Increasing production of AFP in HCC patients is most probably because of certain genes that are reactivated as a result of malignant transformation of cells, but the explanation of the association of AFP with tumor progression is still being investigated. However, in the last decade, it was found that AFP, which is excreted into the circulation, can promote cell growth and has been defined as a growth regulator in oncogenic growth and tumor progression. Recently, it was reported that intracellular AFP may function as a signal molecule through binding key proteins involved in growth or apoptosis signal pathways [50].

In terms of the genotyping results, in this study, it was found that the frequency of the AA variant genotype of CTLA4 (rs231775) was higher in HCC patients compared with the healthy controls (40 vs. 10%).

This was in agreement with Hu et al. [35], who reported that the frequency of the AA genotype was higher in HCC patients compared with the healthy controls (12.4 vs. 9.3%).

Also, the results of Gu et al. [51] were in agreement with those of the current study as they reported that the AA genotype frequency was increased in HCC patients compared with the healthy participants (14 vs. 11%).

The results of Liu et al. [52] are in agreement with the results of this work as they reported that the AA genotype was increased in HCC patients (59%) compared with the control group (38.2%).

The genotyping results of this study show that the frequency of GG carriers was higher among the healthy controls compared with HCC patients (55 vs. 30%).

This was in agreement with Hu et al. [35], who reported that the frequency of the GG genotype was higher among the healthy controls compared with the HCC patients (46.7 vs. 43%).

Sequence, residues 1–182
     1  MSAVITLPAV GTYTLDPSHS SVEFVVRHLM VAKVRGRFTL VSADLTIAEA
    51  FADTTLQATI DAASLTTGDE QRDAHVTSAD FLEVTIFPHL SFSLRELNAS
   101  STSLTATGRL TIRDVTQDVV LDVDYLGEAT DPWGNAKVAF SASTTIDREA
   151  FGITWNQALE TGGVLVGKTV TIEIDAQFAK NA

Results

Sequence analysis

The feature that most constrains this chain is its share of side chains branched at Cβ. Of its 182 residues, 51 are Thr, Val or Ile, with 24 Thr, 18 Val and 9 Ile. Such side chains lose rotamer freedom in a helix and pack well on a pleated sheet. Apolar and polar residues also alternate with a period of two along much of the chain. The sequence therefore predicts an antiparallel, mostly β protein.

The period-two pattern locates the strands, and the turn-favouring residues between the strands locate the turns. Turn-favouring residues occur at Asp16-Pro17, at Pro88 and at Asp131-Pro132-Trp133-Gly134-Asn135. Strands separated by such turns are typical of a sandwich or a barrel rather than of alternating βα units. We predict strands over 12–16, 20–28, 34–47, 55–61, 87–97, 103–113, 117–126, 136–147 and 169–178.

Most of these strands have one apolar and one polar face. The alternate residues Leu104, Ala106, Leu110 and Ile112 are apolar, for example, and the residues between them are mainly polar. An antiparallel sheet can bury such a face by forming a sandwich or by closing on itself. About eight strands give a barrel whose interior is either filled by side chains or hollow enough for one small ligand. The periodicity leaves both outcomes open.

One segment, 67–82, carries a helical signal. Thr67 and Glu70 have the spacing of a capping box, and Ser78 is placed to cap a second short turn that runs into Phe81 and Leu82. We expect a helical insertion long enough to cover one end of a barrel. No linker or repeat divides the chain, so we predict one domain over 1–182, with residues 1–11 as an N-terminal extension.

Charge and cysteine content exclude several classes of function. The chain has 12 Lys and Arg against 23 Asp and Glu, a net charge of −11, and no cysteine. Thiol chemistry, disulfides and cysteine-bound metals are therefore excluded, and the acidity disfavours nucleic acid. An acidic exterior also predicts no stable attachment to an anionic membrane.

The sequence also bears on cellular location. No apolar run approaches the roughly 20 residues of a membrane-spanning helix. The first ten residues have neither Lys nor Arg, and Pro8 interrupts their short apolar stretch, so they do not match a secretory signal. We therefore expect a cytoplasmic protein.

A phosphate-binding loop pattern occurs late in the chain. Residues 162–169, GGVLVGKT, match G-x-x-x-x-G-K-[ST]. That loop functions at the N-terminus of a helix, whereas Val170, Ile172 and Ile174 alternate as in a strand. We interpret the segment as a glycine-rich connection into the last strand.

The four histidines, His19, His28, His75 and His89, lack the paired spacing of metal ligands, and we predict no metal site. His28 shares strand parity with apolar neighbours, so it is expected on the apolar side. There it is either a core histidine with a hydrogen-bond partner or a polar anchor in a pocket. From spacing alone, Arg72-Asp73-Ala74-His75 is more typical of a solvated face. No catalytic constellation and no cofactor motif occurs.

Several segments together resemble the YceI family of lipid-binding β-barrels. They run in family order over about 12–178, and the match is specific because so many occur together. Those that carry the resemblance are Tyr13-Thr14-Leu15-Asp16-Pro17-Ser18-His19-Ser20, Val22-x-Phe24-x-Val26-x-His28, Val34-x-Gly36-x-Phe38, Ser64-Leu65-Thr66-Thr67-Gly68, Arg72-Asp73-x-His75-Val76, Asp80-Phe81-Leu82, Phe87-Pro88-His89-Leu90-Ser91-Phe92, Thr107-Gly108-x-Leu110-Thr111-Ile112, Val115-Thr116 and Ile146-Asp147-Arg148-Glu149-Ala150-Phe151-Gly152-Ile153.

Similarly, Gu et al. [51] obtained results that were in agreement with those of the current study as they reported that the GG genotype frequency was predominant in the control group compared with the HCC group (45 vs. 41%).

Also, Liu and Lu [52] reported a higher frequency of the GG variant in the control group compared with the HCC patients (61.8 vs. 40.3%), respectively.

In terms of the allele distribution in this study, the results showed that the A allele was increased in the HCC group compared with the control group (55 vs. 27.5%), whereas the G allele was the predominant allele in the control group compared with the HCC group (72.5 vs. 45%).

In agreement with the current study, Hu et al. [35] showed that the frequency of the A allele was increased in the HCC group compared with the control group (34.7 vs. 31.2%), whereas the G allele was higher in the control group (68.8 vs. 65.3%).

The results of Gu et al. [51] were also in agreement with these results as they observed a higher frequency of the A allele in the HCC group compared with the control group (37 vs. 33%), whereas the G allele was the predominant allele in the control group (67 vs. 63%).